Lumberjack the Monster (2023)
June 7, 2024 12:40 PM - Subscribe

[TRAILER] After Akira Ninomiya miraculously survives a brutal attack by an unknown assailant wearing a “monster mask,” he becomes fixated on finding the attacker and getting revenge. The lastest film from prolific Japanese filmmaker Takashi Miike (Audition, 13 Assassins).

Starring Kazuya Kamenashi, Nanao, Riho Yoshioka, Kiyohiko Shibukawa, Shota Sometani, Shido Nakamura, Reon Yuzuki, Minosuke, Keisuke Horibe.

Japanese title: Kaibutsu no kikori.

Directed by Takashi Miike. Screenplay by Hiroyoshi Koiwai. Based on the 2019 Mayusuke Kurai novel of the same name. Cinematography by Nobuyasu Kita. Edited by Naoichiro Sagara. Music by Koji Endo.

80% fresh on Rottej Tomatoes.

Currently streaming in Netflix. JustWatch listing.
posted by DirtyOldTown (15 comments total) 1 user marked this as a favorite
Here is a summary, loaded with spoilers of just the first fifteen minutes, to give adventurous people a sense of how bonkers this is...

First, the cops show up in force to a house where a middle-aged man answers the door. They tell him they need to come inside and investigate. He shouts to his wife to run. The cops find fifteen barrels with dead kids in them and one kid, still alive, reading a picture book about the legend of a lumberjack monster. The wife is there. She initially threatens to kill the kid with a scalpel, but when it becomes clear she isn't getting away, she slashes her own carotid, spraying blood everywhere as she dies.

Next a well-dressed man is driving at high speed on a mountain road, being followed. He executes a maneuver that causes the tailing car to crash and flip, leaving the man hanging upside down, his face studded with pieces of windshield. He casually approaches, not at all moving to help. He asks the man why he was following him and upside down guy says he works at a hospital and he noticed fake death certificates to hide bodies and he thought he could blackmail the hospital via this man and the law firm he works for, who represent the hospital. The lawyer considers this then picks up a piece of broken glass and slashes the would be blackmailer's throat, then walks away.

He visits a doctor friend at the hospital and tells him what he did. The doctor offers to help, since this man is covering up his unlicensed human experiments.

As he goes to leave, the lawyer is attacked by someone dressed as the lumberjack monster, but manages to fight him off. As the monster leaves, the lawyers eats a ¥5000 note and swears revenge on the monster.

This is the first fifteen minutes.
posted by DirtyOldTown at 2:45 PM on June 7

should I feel bad for wanting to see this film?
posted by elkevelvet at 2:49 PM on June 7

No way. It's a Takashi Miike.
posted by DirtyOldTown at 2:52 PM on June 7 [3 favorites]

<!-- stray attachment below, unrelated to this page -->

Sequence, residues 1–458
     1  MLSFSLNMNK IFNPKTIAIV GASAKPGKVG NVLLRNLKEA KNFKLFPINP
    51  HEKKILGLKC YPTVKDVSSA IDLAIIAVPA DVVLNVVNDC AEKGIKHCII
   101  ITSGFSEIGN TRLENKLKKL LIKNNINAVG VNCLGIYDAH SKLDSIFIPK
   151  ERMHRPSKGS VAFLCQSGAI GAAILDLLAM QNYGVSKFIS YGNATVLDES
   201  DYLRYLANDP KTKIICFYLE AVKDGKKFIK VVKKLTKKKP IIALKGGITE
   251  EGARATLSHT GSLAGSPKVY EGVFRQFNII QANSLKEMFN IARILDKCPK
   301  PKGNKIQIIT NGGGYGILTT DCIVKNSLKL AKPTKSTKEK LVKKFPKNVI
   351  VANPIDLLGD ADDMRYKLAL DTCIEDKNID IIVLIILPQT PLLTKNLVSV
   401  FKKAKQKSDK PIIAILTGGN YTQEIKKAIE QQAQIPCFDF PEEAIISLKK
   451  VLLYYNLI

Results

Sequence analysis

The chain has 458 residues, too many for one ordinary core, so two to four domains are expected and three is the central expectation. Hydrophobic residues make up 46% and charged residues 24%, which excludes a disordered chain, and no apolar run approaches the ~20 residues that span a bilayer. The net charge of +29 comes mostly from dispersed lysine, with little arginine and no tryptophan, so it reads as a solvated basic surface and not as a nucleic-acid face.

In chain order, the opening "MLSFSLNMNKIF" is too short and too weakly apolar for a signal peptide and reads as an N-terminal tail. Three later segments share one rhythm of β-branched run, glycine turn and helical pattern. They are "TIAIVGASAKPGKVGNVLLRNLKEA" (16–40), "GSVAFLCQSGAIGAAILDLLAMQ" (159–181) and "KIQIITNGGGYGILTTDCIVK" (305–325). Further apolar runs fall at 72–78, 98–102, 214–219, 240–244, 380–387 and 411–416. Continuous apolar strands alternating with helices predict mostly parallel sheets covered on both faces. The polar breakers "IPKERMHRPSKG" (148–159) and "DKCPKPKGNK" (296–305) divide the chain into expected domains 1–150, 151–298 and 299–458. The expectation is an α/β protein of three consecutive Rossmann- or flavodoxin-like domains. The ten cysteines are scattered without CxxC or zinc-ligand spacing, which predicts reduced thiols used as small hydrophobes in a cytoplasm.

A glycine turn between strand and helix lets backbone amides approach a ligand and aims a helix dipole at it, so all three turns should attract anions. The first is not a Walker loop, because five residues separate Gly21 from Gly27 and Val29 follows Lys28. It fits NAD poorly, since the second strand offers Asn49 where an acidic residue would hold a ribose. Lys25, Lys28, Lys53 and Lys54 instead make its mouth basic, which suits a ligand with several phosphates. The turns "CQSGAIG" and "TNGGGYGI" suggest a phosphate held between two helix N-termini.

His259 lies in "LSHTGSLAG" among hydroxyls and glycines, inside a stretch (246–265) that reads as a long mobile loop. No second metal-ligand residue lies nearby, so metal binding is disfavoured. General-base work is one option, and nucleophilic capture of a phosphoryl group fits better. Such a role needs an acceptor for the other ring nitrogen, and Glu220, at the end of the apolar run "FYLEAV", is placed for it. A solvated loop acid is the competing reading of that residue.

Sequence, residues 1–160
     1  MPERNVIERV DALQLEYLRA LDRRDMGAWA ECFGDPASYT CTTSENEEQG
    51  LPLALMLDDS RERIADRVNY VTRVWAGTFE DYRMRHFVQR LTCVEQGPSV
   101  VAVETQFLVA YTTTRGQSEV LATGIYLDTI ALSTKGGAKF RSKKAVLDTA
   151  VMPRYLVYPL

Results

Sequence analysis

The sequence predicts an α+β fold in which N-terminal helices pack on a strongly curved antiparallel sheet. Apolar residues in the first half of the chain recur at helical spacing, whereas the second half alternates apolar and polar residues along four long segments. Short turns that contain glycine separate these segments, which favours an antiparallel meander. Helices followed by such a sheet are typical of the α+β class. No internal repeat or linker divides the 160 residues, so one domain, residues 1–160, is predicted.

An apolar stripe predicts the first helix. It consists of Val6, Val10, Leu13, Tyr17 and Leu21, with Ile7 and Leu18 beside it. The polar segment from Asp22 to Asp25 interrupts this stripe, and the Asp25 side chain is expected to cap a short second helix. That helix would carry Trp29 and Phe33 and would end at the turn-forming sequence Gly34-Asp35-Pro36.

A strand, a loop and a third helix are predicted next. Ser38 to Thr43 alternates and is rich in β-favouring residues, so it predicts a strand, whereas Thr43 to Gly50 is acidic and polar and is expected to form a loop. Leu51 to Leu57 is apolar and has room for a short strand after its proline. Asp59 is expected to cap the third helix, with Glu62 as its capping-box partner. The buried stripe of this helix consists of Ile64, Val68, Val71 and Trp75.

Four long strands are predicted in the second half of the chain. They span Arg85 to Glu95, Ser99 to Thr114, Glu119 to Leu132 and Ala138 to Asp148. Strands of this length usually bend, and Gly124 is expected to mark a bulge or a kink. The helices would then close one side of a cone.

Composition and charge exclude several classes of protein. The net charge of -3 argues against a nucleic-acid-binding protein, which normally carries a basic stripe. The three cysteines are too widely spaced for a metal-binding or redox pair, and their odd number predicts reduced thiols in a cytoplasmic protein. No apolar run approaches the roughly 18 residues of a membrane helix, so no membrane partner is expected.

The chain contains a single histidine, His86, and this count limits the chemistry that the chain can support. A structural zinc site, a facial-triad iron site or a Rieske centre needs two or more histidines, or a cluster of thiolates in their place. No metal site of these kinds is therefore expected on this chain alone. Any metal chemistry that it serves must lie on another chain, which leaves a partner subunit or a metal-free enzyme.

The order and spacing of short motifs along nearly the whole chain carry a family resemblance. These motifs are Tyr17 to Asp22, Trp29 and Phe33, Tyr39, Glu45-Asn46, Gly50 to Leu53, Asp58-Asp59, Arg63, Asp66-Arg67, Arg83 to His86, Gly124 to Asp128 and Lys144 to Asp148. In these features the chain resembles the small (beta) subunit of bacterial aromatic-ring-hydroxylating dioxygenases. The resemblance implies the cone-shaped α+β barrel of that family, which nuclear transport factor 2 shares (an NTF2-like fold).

Miike is the genius we need in 2024
posted by hototogisu at 5:22 PM on June 7 [2 favorites]

maybe it’s time for a Visitor Q re-watch.
posted by hototogisu at 9:55 PM on June 7

Miike makes so many movies its hard to keep up. I only just watched his Yokai War movies (which were pretty weirdly sexual for kids movies but y'know... Miike). I'll have to make some time for this one.
posted by Ashwagandha at 9:56 PM on June 7

A little bit disappointing after reading that 15 minute summary above, and expecting something more horror from that Guardian article. The opening scenes are the best part of the movie, but after that it's surprisingly staid. It's not really a horror movie, it's not really a revenge movie. It's sort of a police procedural about hunting a serial killer, except it's very light on any actual investigation. Things happen very quickly, with very simple deductions. There's a mysterious past involved, but it just gets explained partway through and isn't mysterious anymore. There's the lightest of musings about whether or not people can change from good to evil and/or evil to good, but that's also not particularly developed. There are indeed a few moments with the Lumberjack Monster that lean towards slasher horror, but they ridiculously brief and don't really add to the story. It seems to really want to be a character study, but there's not really much character to study, and nobody is developed enough for the ending to land. Miike, talented SOB that he is, elevates a pretty slim and trope-laden script to something watchable, but ultimately it's already fading in my memory, and I wouldn't recommend it as a Miike fan, horror fan or serial killer profiler fan.
posted by mrphancy at 11:21 PM on June 7 [1 favorite]

I completely get how you landed there, but it worked for me.

For my money, Miike is rarely someone whose actual filmmaking wows me. He's very competent and fluid, but his personality is in the the weird choices he makes, not his technical presentation. I guess I mention that by way of saying even his best stuff is often built with some stock parts. You don't make eight movies a year without a fair amount of autopilot.